A Little API Magic Lets Your Users Request Remote Support from Any Site
by Brian Page|
It’s easy for remote customers to request help using the Bomgar support portal web page that’s hosted on the appliance; and with Bomgar Enterprise Edition you can host as many independently customized portal pages as you wish. But it’s also possible to start a Bomgar support session from any web page, on any web server, anywhere. All it takes is a little API call. Let me show you some of the simple API calls that can be used to start sessions. You may find these useful to incorporate on existing web pages to improve and streamline the support experience for your customers.
But first… Before we can start playing with the API, we need to adjust security settings and privileges. Since Bomgar is always focused on secure remote support it is important to note that access to the command API and reporting API can be limited through Bomgar Group Policies. First, let’s enable the API itself. Open the /login administrative interface and navigate to Management>Security. Locate and select the “Enable XML API” checkbox. This update takes effect immediately; so there’s no “Save” button to implement the change.
Immediately below the “Enable XML API” checkbox is another API-related attribute, “Allow HTTP Access to XML API.” This attribute is disabled by default and I strongly suggest that you leave it disabled. It is a best practice to always perform API calls using secure sockets HTTPS access rather than clear text transmission via HTTP. While we won’t be sending credentials via the API calls covered in this note, it is still best to take advantage of SSL encryption.
Next, let’s adjust your privileges so you can fully experiment with all aspects of the Bomgar API. While in the /login administrative interface select either Users & Security>Group Policies or Users & Security>User Accounts to set these privileges. For security and administrative efficiency it’s best to set privileges via Bomgar Group Policies rather than User Accounts.
In any event, enable the “Allowed to use reporting API” and “Allowed to Use Command API” privileges.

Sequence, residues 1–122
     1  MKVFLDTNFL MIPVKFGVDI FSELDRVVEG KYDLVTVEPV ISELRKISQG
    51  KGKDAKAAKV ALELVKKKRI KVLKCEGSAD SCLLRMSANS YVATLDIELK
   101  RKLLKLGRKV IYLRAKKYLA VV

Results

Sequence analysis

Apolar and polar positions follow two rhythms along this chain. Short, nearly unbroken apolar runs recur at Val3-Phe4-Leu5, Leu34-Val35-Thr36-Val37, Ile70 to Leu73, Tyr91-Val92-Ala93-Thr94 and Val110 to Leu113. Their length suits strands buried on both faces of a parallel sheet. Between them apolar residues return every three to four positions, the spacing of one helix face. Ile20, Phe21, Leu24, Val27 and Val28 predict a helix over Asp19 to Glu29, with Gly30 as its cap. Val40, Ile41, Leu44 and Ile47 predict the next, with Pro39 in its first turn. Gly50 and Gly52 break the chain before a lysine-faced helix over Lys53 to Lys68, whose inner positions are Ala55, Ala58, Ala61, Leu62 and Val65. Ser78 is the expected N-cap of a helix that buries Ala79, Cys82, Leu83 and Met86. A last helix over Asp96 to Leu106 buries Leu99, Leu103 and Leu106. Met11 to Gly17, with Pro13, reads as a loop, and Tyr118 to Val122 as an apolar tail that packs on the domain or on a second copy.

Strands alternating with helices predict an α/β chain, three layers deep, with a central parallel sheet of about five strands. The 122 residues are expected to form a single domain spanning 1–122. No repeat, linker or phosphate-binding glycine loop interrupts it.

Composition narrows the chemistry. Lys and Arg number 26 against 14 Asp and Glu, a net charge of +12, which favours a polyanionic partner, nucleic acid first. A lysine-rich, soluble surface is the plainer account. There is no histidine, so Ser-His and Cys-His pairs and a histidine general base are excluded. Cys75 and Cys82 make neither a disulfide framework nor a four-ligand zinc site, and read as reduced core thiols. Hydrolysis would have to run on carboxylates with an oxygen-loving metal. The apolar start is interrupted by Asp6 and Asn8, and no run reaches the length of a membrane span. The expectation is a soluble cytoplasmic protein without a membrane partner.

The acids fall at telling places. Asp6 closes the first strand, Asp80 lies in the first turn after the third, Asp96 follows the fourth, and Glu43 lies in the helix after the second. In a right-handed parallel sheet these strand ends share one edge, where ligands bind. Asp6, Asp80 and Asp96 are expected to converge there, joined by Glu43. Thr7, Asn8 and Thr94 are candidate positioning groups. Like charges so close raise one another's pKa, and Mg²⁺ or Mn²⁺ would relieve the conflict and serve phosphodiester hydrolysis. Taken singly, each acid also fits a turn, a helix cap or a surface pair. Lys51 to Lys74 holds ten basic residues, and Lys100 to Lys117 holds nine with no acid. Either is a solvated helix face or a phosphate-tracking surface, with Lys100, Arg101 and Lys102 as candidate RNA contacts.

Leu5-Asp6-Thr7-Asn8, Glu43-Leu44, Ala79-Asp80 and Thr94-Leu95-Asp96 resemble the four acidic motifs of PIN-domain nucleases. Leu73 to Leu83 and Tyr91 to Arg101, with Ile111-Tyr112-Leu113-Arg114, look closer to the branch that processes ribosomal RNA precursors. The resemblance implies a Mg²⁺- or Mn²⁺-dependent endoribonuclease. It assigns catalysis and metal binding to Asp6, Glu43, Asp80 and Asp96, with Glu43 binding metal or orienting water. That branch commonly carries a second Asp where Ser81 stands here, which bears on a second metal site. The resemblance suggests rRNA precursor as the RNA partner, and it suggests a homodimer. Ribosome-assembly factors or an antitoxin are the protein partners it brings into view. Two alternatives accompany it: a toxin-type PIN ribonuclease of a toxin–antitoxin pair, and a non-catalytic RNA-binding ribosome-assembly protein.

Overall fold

Everything and More All API examples presented in this post are based on the API Programmer's Guide 1.8.0 that’s available here: https://www.bomgar.com/docs/content/documents/bomgar-api-guide-1.8.0.pdf. The web-based API is enormously full-featured and contains methods for tightly integrating Bomgar with incident tracking and workstation management products. Projects of that scale make use of the XML data files and the Bomgar outbound event triggers for client-server architectures. For our purposes, we’re concerned with just the few pages devoted to session start.
Starting Sessions Let’s begin with the simplest command that starts a session in the General Queue. Such a command looks like this:
You can test these commands out by substituting your actual domain name for the your.domain.com place holder in the example above and then pasting the result into a browser address field. Once you craft the final syntax of the API call, you will use it in the HTML code of the web page as a hyperlink probably associated with a graphic or icon of some sort. Here’s an HTML example that hyperlinks a line of text:
<p><a href="https://your.domain.com/api/start_session.ns?issue_menu=1">Click here to start a remote support session.</a></p>
Imagine placing a link such as this at the end of a self-help tutorial on a Frequently Asked Questions web page. If the customer’s issue is not resolved by following the self-help, they could immediately request assistance from a service technician without having to navigate away from the self-help page over to the Bomgar portal page.
Issue Submission The above command simply pops the remote customer into the General Queue; but since in our imaginations they are perusing a self-help web page, that implies that they have a specific issue. Wouldn’t it be nice if the API call would specify that issue and automatically route the incoming session request to the appropriate team? Good news! All it takes is one tiny addition to the API call.